As indicated above, FAS and FAE( Fetus Alcoholism Effects) are all fully preventable by the failure to consume alcohol during pregnancy. However, as argued by U.S. Department of Health and Human Services (2000), this is not possible. This is due to the fact that, in most societies alcohol is a socially accepted drug and in most cases, drinking patterns and sexual experimentations are formalized in teen years and this progress to college level. From a research conducted by Buxton (2005), normal consumption of alcohol has drastically raised, especially among teenage girls and younger women. In August 1988, the journal of obstetrics and gynecology carried out a research concerning drinking during pregnancy and it involved more than 100,000 women. From the study, it was clear that, there are various groups of women who are more likely to engage in drinking during pregnancy.
They include college educated, unmarried, and students and smokers among other groups whose household income exceeds $ 50,000 (Malbin, 2002). From the study it was also evident that pregnant women at higher risk for regular consumption of alcohol are most likely to be either smokers or unmarried. In fact, alcohol and smoking use together raises the potentiality for alcohol related damages in fetus by at least 35% (Clarren, 2005). Generally, health risk for women consuming alcohol is much greater as compared to that of men. This is due to their inability to metabolize alcohol as fast as compared to men (Clarren, 2005).
The other factor, which increases the rate of alcohol consumption among pregnant women is ethnicity. According to studies carried out by CDC catchment study, the incidences of FAS per 10,000 births for various ethnic groups are different. For instance, for the Asians the value is 0.3, Caucasians is 0.9, 0.8, 6.0 and 29.9 for Hispanics, African Americans and Native Americans respectively. With the Native Americans, the occurrence of FAS varies among various cultures (Malbin, 2002). In the case of Afro-Americans a risk of Fetal Alcohol Syndrome remains seven times more often than in Whites. Investigation discovered frequency of parents’ alcohol consuming, problems related to alcohol, and number of children born. This depends on genetic susceptibility. The table below indicates the prevalence of FAS by ethnicity/race-BDMP (Birth Defects Monitoring Program), between 1981 and 1991.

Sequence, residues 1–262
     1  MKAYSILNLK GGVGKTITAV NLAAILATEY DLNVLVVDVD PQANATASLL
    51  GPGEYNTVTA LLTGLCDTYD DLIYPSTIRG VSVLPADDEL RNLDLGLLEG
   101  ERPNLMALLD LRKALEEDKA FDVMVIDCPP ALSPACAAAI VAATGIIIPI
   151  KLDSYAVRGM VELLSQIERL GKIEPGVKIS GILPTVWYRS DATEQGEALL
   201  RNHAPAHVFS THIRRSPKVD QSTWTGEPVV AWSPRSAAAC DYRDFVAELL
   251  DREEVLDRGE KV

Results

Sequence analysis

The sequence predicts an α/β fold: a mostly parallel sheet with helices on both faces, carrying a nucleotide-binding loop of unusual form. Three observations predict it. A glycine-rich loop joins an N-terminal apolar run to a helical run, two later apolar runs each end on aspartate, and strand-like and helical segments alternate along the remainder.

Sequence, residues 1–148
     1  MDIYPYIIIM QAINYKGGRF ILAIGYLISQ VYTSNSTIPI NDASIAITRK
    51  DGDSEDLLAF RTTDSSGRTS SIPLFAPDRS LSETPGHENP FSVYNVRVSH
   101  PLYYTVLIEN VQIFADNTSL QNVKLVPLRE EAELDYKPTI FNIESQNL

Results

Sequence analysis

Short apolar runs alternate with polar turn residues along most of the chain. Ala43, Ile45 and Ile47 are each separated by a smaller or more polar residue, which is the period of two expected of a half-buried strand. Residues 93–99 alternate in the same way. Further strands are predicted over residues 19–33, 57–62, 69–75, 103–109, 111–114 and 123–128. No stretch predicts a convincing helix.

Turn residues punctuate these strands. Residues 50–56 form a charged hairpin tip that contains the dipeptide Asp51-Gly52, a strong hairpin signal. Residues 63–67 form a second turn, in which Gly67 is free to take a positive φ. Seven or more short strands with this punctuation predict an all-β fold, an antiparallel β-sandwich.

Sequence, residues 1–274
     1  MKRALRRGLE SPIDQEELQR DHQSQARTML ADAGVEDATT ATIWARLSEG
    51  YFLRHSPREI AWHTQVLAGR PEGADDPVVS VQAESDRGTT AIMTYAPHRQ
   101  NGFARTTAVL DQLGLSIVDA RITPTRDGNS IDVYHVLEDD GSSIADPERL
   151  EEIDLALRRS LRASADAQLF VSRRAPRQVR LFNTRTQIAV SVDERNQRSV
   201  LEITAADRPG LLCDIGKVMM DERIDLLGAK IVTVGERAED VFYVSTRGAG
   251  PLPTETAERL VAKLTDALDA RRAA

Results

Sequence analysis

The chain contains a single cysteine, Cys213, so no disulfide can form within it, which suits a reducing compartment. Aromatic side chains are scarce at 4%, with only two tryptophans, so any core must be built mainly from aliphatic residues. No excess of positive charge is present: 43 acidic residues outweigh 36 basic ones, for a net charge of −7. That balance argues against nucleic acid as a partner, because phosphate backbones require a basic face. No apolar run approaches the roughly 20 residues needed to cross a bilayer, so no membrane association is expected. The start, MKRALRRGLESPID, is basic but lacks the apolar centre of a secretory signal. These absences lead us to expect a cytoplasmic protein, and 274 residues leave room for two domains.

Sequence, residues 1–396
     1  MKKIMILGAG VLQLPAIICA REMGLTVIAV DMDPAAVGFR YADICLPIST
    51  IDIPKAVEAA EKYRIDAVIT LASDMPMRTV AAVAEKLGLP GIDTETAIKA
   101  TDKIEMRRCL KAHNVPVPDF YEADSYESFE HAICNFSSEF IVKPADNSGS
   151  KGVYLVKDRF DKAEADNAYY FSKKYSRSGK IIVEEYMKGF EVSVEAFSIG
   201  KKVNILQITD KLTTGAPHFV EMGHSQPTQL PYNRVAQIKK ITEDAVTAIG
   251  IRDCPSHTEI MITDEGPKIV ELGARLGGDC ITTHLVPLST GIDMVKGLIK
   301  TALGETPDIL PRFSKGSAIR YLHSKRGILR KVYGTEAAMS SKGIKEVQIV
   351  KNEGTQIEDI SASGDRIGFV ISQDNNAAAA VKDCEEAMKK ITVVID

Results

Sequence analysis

Alcohol Consumption Pattern
The pattern of alcohol consumption during pregnancy enormously affects the fetus. It is notable that, consumption of more than 5 drinks on daily basis during the first trimester is considered as the strongest predictor to neurobehavioral deficits such as distractibility, hyperactivity, speech and language problems among others. However, it is crucial noting that, since the system of a baby is not mature to metabolize alcohol, there is no any amount of alcohol safe to be consumed during the pregnancy period (U.S. Department of Health and Human Services, 2000).Fetal Alcohol Syndrome Essay
Other Factors
There are several secondary factors, which can lead to FAS. Ethen, Ramadhani , Scheuerle, E.et al (2008)argues that, alcohol induced malnutrition is a crucial secondary factor, which may affect a developing fetus. Deficiency of nutrition mostly occurs with alcohol intake as a result of reduced appetite as well as interferences with digestion, nutrition utilization and increased urinary excretion of minerals and vitamins. For instance, alcohol induced depletion of zinc is a major cause of this (Loop, & Nettleman, 2002). According to U.S. Department of Health and Human Services (2000), there exists a correlation between fetal malformations and reduced birth weight to zinc depletion (Clarren, 2005). Further, spina bifida can be associated to deficiencies in folic acid. Therefore, there is an enormous need to improve nutrition among pregnant mothers, though this in itself cannot prevent the development of FAS/E (Clarren, 2005).
Characteristics of a Child having Symptoms for FAS/FAE
The following section will undertake a systematic approach and carefully evaluate the kind of damage, which occurs from in utero alcohol exposures (Ethen, Ramadhani , Scheuerle, E.et al, 2008).
Physical Appearances
The following type of facial features is linked with FAS.Fetal Alcohol Syndrome Essay